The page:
By Anwynn Louw – Online Marketing Assistant
A Plastic Problem
What do you see when you look at the below image? An adorable leopard cub or a piece of plastic that has made it into the wild?
Earlier this year, one of our guests captured these images of two leopard cubs playing with a discarded plastic bottle in the Masai Mara close to Rekero Camp. While these images are heart-breaking, they show exactly how the use of plastics has a direct, and negative, impact on our wildlife as well as our environment.
During April 2017 Kenya announced a ban on single-use plastic bags. The Guardian has reported that; “it’s clear that there have been significant knock-on effects on businesses, consumers and even jobs as a result of removing a once-ubiquitous feature of Kenyan life.”
But what about the use of other plastic items, such as plastic bottles? Plastic bottles are used widely and are quite popular with consumers and manufacturers due to their lightweight nature, and their lower production/transportation costs compared to glass. These bottles are produced using polypropylene, which is not biodegradable and will live on for hundreds of years to come.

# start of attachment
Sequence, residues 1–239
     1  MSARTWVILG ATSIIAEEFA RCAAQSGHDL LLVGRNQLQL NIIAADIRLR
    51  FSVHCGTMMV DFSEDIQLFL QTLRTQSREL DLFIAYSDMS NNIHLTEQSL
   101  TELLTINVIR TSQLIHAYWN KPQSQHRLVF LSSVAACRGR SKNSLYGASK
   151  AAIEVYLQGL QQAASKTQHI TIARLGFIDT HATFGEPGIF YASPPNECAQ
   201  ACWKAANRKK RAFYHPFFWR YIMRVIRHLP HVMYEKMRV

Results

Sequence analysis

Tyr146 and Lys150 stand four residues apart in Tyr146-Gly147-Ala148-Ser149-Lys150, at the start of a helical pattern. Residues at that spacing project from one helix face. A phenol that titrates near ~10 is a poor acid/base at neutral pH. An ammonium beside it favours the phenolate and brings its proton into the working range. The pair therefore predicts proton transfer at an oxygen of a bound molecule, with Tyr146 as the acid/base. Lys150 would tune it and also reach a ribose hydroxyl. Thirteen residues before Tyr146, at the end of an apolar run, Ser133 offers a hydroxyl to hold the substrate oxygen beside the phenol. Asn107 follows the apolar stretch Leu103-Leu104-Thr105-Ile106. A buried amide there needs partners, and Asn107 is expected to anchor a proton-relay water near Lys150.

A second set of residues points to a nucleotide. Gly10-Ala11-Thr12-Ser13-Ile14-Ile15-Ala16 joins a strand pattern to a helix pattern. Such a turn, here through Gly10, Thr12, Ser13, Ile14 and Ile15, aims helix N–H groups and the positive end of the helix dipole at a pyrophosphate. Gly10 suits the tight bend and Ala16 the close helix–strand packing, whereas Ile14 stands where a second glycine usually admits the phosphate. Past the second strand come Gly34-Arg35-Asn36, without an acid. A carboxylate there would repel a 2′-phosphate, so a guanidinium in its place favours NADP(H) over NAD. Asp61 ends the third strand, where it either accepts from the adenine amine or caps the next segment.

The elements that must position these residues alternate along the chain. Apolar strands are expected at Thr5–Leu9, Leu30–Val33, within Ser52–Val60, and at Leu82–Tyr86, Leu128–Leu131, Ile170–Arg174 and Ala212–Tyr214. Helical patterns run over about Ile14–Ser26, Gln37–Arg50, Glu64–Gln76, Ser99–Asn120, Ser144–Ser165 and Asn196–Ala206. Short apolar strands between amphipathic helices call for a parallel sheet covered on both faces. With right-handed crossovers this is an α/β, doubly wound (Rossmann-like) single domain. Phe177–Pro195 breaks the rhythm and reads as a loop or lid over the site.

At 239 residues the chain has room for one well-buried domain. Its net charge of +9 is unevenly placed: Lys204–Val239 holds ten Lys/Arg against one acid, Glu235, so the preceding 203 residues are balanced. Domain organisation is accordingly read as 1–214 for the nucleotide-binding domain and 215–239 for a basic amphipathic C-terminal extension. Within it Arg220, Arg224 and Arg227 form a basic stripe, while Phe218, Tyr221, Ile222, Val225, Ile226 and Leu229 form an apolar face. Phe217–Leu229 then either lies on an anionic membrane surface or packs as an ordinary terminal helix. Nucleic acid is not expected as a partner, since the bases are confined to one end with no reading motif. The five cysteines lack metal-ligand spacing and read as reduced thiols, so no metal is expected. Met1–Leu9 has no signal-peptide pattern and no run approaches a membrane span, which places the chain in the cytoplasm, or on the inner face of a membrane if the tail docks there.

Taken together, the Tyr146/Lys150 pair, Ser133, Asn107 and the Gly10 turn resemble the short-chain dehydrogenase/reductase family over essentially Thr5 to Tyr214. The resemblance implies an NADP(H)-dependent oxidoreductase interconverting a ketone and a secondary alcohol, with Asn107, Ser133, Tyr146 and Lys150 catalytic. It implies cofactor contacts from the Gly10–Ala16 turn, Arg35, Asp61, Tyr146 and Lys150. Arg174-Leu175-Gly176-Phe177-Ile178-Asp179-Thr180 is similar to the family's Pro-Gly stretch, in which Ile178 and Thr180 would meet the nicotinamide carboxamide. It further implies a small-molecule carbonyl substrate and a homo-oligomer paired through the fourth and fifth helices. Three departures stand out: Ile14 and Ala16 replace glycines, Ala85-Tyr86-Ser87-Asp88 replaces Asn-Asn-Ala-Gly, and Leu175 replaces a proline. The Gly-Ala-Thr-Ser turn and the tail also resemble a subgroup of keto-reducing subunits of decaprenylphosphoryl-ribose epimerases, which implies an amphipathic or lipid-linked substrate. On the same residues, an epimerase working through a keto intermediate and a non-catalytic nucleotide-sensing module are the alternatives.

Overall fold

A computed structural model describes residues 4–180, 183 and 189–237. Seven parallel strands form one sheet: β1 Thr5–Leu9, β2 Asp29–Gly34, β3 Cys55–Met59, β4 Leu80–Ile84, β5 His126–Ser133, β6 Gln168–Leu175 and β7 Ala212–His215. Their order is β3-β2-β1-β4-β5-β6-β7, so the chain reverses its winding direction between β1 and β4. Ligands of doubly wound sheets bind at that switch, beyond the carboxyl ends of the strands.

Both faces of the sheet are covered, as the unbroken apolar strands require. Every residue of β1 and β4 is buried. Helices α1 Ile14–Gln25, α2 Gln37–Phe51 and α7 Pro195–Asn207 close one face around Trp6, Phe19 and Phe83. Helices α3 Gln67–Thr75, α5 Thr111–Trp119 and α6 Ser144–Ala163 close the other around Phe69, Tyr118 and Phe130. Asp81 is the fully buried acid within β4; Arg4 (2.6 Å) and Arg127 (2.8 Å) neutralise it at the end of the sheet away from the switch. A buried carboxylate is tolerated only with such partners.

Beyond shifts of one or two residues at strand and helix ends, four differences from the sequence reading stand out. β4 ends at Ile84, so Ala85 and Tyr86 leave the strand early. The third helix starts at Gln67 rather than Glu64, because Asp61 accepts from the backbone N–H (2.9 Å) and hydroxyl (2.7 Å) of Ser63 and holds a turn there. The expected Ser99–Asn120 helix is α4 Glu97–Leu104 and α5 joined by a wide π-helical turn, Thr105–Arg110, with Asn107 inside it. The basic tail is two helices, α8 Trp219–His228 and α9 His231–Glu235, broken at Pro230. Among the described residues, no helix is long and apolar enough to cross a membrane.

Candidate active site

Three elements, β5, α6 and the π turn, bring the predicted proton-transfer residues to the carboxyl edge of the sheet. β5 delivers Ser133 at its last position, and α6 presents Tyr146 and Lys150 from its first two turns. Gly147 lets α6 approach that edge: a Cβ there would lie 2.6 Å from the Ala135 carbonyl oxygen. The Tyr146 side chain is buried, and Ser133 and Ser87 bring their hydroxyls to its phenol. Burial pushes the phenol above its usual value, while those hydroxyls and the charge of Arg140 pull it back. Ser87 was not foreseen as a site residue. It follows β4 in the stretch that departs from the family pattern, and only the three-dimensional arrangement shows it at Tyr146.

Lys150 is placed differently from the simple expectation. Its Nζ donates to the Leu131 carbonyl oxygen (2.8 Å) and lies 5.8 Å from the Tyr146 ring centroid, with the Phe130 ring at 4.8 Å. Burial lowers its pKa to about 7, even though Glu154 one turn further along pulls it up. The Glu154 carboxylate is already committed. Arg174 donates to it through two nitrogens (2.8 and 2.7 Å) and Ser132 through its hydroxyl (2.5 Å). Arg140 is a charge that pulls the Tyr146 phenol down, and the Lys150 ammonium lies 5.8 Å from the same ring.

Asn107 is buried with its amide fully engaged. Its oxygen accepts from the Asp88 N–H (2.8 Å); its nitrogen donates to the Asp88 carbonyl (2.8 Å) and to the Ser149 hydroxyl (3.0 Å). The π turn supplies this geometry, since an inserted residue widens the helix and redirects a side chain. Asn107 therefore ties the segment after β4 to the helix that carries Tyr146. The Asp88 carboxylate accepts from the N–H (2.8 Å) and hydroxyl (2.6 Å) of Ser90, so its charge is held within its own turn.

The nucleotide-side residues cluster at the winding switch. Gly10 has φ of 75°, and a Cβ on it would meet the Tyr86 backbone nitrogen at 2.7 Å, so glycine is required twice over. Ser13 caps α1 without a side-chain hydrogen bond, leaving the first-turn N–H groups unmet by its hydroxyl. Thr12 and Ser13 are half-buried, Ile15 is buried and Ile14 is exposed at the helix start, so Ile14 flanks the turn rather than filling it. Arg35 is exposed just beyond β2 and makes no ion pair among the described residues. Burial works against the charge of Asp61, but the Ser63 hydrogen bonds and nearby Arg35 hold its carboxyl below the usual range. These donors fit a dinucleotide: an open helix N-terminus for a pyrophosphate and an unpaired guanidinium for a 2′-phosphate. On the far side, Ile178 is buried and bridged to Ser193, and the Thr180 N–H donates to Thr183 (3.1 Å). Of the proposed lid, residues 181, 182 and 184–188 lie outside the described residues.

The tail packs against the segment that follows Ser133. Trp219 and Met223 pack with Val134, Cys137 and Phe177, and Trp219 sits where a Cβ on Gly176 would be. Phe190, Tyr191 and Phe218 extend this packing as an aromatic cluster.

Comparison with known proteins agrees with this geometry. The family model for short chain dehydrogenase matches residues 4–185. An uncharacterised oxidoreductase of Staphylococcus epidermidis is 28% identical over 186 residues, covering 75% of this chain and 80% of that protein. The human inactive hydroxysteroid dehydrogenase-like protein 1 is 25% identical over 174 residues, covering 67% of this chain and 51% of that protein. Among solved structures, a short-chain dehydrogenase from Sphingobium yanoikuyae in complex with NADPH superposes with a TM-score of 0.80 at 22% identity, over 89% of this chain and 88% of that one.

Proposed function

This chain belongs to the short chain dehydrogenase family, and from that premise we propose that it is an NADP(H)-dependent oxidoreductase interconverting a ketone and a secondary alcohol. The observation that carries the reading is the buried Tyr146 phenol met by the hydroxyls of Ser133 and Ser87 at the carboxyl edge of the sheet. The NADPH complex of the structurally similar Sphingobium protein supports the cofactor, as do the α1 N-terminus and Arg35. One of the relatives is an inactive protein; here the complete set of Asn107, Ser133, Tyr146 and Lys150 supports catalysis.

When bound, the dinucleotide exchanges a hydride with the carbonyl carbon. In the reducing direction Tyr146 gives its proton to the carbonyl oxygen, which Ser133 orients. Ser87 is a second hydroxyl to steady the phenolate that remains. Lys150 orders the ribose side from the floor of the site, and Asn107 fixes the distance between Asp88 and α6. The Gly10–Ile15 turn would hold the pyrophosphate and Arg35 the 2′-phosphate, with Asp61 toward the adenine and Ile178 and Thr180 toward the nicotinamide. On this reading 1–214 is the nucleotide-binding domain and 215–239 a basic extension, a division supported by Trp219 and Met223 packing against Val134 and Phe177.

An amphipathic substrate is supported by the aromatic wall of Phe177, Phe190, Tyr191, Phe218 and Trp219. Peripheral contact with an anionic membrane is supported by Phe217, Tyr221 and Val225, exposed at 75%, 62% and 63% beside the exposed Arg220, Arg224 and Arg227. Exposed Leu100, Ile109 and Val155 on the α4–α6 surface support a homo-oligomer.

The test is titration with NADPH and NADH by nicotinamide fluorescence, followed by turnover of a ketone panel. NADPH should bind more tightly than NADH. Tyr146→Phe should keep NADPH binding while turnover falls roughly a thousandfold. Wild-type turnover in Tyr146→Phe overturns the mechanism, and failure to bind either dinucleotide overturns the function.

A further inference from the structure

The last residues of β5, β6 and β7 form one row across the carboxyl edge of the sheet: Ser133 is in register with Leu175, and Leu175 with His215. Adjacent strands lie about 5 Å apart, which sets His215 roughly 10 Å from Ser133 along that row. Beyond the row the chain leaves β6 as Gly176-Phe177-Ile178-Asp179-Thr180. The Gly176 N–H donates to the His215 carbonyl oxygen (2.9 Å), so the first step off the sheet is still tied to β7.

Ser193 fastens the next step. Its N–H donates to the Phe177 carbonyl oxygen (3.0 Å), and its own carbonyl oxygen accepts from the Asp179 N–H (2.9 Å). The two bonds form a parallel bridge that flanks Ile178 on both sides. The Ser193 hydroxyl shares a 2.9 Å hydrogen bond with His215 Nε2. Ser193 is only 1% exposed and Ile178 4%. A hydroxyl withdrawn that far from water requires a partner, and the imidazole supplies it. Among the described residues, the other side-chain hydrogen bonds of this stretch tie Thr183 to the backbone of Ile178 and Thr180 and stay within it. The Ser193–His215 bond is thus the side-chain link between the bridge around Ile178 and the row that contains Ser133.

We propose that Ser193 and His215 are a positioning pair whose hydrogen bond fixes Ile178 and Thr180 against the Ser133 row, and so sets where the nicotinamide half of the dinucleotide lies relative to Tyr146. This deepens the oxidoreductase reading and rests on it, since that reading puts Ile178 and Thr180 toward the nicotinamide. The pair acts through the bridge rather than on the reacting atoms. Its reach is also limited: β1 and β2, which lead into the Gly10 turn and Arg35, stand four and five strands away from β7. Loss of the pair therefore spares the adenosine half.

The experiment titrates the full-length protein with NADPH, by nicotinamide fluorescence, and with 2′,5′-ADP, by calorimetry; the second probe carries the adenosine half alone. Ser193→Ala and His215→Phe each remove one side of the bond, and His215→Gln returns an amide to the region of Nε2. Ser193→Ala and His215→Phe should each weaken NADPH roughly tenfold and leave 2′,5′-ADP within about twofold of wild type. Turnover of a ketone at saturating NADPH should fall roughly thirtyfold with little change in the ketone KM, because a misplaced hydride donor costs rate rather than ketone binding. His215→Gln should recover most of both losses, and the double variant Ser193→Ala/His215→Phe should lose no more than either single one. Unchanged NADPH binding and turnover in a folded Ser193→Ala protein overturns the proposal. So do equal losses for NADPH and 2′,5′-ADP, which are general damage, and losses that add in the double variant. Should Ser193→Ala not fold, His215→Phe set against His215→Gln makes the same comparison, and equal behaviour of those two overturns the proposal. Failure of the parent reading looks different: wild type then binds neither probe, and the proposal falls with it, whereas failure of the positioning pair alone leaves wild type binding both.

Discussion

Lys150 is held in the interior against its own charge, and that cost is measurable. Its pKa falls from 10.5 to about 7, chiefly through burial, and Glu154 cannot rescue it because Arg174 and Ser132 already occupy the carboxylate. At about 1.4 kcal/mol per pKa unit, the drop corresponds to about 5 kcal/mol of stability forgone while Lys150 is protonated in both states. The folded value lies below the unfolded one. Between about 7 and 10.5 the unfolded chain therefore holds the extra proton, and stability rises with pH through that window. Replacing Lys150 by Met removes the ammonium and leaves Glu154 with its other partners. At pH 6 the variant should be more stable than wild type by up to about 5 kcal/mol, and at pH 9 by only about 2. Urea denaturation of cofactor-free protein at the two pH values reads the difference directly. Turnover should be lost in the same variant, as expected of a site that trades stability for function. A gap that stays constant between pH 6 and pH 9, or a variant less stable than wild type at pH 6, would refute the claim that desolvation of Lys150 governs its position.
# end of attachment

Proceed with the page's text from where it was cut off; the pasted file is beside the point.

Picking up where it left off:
It seems almost impossible to escape plastic in our daily lives, and sadly, we cannot escape plastic pollution, either. Just as these images have shown.
Elle Magazine UK recently published an edition which was dedicated to sustainability and even printed on recycled paper. Elle UK had the following to say about Asilia Africa – “The well-run lodges and camps in Africa could show the rest of the world a thing or two about reducing plastic use. Most good safari companies provide reusable water bottles, and many, such as the upmarket Asilia Africa group, use biodegradable lunch containers and ban plastic straws.’’
As Asilia, our main commitment is to empower crucial wilderness areas in East Africa, benefitting people and nature alike. Part of this entails doing all we can to reduce our plastic usage.
Asilia Africa has also been Fair Trade certified and rated as The Most Committed Safari Group to Responsible Tourism Standards in Africa.